A recent step toward the achievement of greater effectiveness in the delivery of foster care services to an increasingly demanding client population has been the emergence of the treatment foster care concept. Sometimes referred to as "therapeutic foster care" or "specialized foster care," treatment foster care combines the strengths of family foster care with those of residential treatment and transforms the singular role of the foster parent into that of a partnership with clinical and social welfare professionals (Meadowcroft, 1989; Webb, 1988).
Treatment foster parents are professionalized through extensive initial screening and selection processes; intensive, mandatory pre-service and in-service training requirements; payment of salary in addition to regular room and board reimbursement; and ongoing performance monitoring and evaluation (Meadowcroft, 1989). As such, they are expected to function as part of a comprehensive therapeutic team and provide rehabilitative rather than merely custodial services to foster children.
Trained in such areas as child development, emotional disturbance, and therapeutic intervention skills, treatment foster parents are assumed to be better equipped than less intensively trained foster parents to cope with the behavior of children who have suffered abuse, neglect, and rejection in their natural families. Connected to an active professional support system, treatment foster parents design and implement treatment plans and are considered more capable of withstanding an angry and distrustful foster child’s resistance to their efforts to help. It is also anticipated that treatment foster care’s therapeutic and collaborative service milieu will serve to reduce the risk of undetected abuse of children by foster parents through its requirements of regular treatment team meetings and frequent foster home visits.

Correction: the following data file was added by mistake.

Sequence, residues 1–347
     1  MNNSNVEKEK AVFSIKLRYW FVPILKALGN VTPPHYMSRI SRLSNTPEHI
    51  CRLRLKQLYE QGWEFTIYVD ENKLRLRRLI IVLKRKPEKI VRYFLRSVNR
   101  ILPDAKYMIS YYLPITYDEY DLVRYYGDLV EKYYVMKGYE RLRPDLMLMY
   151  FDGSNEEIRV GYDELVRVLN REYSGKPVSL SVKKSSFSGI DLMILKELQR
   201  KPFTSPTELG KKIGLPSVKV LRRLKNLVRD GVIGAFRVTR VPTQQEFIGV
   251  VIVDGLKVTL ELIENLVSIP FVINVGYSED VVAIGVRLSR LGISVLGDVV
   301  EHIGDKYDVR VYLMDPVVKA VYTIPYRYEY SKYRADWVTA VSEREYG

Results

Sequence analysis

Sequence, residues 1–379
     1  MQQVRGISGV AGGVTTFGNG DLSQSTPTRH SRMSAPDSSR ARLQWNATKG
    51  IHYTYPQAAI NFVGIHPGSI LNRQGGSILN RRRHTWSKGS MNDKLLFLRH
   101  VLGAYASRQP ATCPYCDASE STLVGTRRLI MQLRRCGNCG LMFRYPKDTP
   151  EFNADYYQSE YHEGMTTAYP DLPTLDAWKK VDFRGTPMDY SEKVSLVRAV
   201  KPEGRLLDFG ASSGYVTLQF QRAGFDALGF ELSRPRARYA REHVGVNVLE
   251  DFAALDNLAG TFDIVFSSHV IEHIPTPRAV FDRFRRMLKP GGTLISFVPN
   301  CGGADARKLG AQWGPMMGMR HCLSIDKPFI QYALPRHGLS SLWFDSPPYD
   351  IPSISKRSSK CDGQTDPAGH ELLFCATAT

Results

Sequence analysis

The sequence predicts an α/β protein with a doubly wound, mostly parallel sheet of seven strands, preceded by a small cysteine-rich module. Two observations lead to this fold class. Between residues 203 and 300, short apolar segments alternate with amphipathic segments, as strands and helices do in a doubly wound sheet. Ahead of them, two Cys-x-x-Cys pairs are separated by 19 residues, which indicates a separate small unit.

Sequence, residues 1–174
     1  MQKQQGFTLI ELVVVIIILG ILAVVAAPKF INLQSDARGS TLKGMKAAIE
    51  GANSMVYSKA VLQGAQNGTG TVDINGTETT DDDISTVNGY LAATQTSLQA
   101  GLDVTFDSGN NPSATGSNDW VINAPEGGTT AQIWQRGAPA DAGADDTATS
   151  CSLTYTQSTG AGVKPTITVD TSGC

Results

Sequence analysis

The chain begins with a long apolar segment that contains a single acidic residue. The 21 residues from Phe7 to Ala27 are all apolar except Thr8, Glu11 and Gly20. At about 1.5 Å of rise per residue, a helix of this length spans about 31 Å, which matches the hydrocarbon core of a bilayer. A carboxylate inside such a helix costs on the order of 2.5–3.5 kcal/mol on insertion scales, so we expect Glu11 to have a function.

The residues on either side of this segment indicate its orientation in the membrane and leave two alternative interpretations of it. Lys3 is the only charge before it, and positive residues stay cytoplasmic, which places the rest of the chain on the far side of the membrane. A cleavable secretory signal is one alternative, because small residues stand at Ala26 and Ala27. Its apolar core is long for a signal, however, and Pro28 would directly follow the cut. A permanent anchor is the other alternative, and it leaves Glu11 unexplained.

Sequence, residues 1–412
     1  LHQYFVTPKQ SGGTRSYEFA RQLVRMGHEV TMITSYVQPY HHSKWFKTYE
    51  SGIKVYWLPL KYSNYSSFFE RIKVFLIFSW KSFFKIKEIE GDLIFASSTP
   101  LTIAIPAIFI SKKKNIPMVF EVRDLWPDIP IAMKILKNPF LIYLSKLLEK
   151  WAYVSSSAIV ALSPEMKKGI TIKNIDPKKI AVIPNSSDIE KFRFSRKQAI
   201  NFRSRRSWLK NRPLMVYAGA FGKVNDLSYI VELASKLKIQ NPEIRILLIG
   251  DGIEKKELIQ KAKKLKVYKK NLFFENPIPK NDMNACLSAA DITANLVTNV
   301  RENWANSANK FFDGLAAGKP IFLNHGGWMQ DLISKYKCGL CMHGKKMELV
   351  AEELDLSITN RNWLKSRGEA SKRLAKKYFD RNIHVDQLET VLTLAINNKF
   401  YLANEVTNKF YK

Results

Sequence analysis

Meadowcroft, P. (1989). Treating emotionally disturbed children and adolescents in foster homes. Child and Youth Services, 12, 23-44
Webb, D. B. (1988). Specialized foster care as an alternative therapeutic out-of-home placement model. Journal of Clinical Child Psychology, 17, 34-43
Richardson, B.; Foster, V. A. & McAdams, C. R. (1998). Parenting attitudes and moral development of treatment foster parents: Implications for training and supervision. Child and Youth Care Forum. Vol. 27 No.6. pp 410-411